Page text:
💰The rising cost of pet care

Plus: bats and basketball

Hello 👋 

Welcome back to another edition of Weekend Rounds!

Well, this week was Groundhog Day. A day where we throw all science out the window and rely on a groundhog to determine if it will be an early spring or not. It’s not the silliest thing we do (looking at you annual White House turkey pardon), but it’s up there.

For the uninitiated, Groundhog Day is effectively this: if it’s sunny, a groundhog emerging will see its own shadow, get scared, and return underground - indicating 6 more weeks of winter. If it’s cloudy, then the groundhog won’t be spooked and will hang out for a bit which of course means an early spring. It’s also a fantastic 1993 comedy staring Bill Murray.

But it’s not the original prognosticator, Punxsutawney Phil, who gets to give an opinion. Apparently there are 32 groundhogs across the US and Canada who we now look to for a prediction. And it’s not just groundhogs either… there are 43 ‘alternative groundhogs’ including a lobster, an opposom, an armadillo, a peking duck, and multiple (multiple!) taxidermied groundhogs. Here’s a map of them all.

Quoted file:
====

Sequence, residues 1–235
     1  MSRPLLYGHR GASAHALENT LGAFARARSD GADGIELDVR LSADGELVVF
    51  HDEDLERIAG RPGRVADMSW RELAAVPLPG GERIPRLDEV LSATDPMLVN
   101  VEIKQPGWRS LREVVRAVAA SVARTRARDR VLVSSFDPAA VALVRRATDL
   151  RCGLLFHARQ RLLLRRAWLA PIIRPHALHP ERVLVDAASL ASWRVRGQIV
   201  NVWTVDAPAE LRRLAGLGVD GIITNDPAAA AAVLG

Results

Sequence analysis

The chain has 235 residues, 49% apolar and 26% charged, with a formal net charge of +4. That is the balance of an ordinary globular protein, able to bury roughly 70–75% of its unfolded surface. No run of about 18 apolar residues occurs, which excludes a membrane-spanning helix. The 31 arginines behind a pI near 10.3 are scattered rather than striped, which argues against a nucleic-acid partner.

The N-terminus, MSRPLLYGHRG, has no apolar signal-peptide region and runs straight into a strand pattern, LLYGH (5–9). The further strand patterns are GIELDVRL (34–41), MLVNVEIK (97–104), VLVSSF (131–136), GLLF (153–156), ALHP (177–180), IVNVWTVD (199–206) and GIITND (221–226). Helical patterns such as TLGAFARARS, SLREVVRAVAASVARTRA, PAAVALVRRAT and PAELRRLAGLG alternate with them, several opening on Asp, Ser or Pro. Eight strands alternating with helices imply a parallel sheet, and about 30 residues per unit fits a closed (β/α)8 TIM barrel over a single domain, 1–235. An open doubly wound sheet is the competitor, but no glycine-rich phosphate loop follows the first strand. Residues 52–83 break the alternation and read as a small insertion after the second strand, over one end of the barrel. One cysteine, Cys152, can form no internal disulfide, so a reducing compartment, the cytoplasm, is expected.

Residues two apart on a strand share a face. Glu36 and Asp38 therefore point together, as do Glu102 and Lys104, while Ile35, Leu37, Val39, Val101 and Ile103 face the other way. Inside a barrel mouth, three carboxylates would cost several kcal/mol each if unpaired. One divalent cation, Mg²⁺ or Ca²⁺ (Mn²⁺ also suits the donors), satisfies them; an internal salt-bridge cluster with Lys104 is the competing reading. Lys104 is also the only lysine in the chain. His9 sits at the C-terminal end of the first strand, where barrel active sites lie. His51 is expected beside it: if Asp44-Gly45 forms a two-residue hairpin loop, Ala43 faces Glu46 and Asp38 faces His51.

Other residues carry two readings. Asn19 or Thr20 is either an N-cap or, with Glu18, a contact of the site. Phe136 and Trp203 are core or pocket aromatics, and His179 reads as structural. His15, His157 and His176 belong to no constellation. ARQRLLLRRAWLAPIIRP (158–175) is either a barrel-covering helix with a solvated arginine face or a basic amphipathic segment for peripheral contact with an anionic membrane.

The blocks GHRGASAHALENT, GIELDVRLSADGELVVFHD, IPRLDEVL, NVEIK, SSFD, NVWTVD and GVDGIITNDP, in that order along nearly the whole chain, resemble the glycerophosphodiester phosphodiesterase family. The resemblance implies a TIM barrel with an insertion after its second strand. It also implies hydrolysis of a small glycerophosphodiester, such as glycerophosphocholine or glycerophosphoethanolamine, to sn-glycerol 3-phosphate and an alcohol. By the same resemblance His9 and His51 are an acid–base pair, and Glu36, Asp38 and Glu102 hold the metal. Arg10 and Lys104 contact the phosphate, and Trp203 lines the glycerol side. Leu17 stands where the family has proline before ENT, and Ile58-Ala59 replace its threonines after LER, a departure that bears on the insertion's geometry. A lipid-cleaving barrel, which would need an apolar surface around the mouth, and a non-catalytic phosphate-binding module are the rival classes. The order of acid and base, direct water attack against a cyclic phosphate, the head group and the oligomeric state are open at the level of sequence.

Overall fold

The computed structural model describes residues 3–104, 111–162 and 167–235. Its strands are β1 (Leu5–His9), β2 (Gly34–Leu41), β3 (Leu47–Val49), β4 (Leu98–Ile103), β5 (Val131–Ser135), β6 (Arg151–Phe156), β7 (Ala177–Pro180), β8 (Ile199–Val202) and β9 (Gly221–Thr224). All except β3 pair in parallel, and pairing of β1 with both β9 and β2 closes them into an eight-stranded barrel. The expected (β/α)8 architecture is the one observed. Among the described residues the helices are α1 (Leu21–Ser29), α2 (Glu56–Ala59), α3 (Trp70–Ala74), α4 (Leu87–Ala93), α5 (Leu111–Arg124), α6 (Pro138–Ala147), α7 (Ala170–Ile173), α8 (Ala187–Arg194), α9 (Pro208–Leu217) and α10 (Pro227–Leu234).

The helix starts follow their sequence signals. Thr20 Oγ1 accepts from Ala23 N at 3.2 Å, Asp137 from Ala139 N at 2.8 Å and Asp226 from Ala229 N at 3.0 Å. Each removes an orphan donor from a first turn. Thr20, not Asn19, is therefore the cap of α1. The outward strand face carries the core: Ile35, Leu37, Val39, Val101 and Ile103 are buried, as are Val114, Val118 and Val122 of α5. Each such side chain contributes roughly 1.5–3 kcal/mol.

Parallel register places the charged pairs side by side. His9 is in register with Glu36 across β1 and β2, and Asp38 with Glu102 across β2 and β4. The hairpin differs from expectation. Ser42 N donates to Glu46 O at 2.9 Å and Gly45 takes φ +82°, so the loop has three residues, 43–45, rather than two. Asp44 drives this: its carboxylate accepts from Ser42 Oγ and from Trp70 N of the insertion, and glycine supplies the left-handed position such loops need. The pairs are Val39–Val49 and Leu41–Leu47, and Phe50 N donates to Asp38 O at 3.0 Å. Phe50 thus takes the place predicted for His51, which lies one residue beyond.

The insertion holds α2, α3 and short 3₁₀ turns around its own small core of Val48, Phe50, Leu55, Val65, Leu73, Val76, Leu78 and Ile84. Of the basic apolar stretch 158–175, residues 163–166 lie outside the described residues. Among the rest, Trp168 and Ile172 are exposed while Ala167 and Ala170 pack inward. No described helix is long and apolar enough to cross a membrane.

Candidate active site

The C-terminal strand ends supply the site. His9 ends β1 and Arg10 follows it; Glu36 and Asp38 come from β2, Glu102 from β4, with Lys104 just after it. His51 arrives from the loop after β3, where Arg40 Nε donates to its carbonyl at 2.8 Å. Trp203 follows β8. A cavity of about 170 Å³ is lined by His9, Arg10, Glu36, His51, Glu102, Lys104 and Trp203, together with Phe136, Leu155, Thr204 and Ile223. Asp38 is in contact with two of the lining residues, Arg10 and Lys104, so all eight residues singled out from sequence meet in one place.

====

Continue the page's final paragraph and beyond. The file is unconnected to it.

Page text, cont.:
So do the predictions work? Well… not really. Apparently since 1969 Punxsutawney Phil has a success rate of about 39%. Which isn’t great if you’re trying to predict something since it’s literally worse than a coin flip. But a .390 batting average gets you into the MLB Hall Of Fame, so be kind to Phil.

However, some animals actually can be counted on for seasonal predictions. Phenology is the study of how seasonal events in the lives of plants and animals shift according to the weather and climate. And some of these patterns can help predict seasons, such as how fish or migratory birds respond to the temperature of water and air.

One thing for certain is that Groundhog Day is a North American tradition. To our wonderful readers across the world: is there an equivalent in your country or is this foolishness reserved for us?

Here’s what other (non groundhog related) stories we’re covering:

💸 The rising cost of pet care
👀 Seeing what animals see
🦇 What’s going on with the bats in San Antonio?
🚀 Quick hits

The Rising Cost of Pet Care

A worrisome trend in our profession took center stage this week: how inflation, private equity and vet shortages have increased the cost of pet care.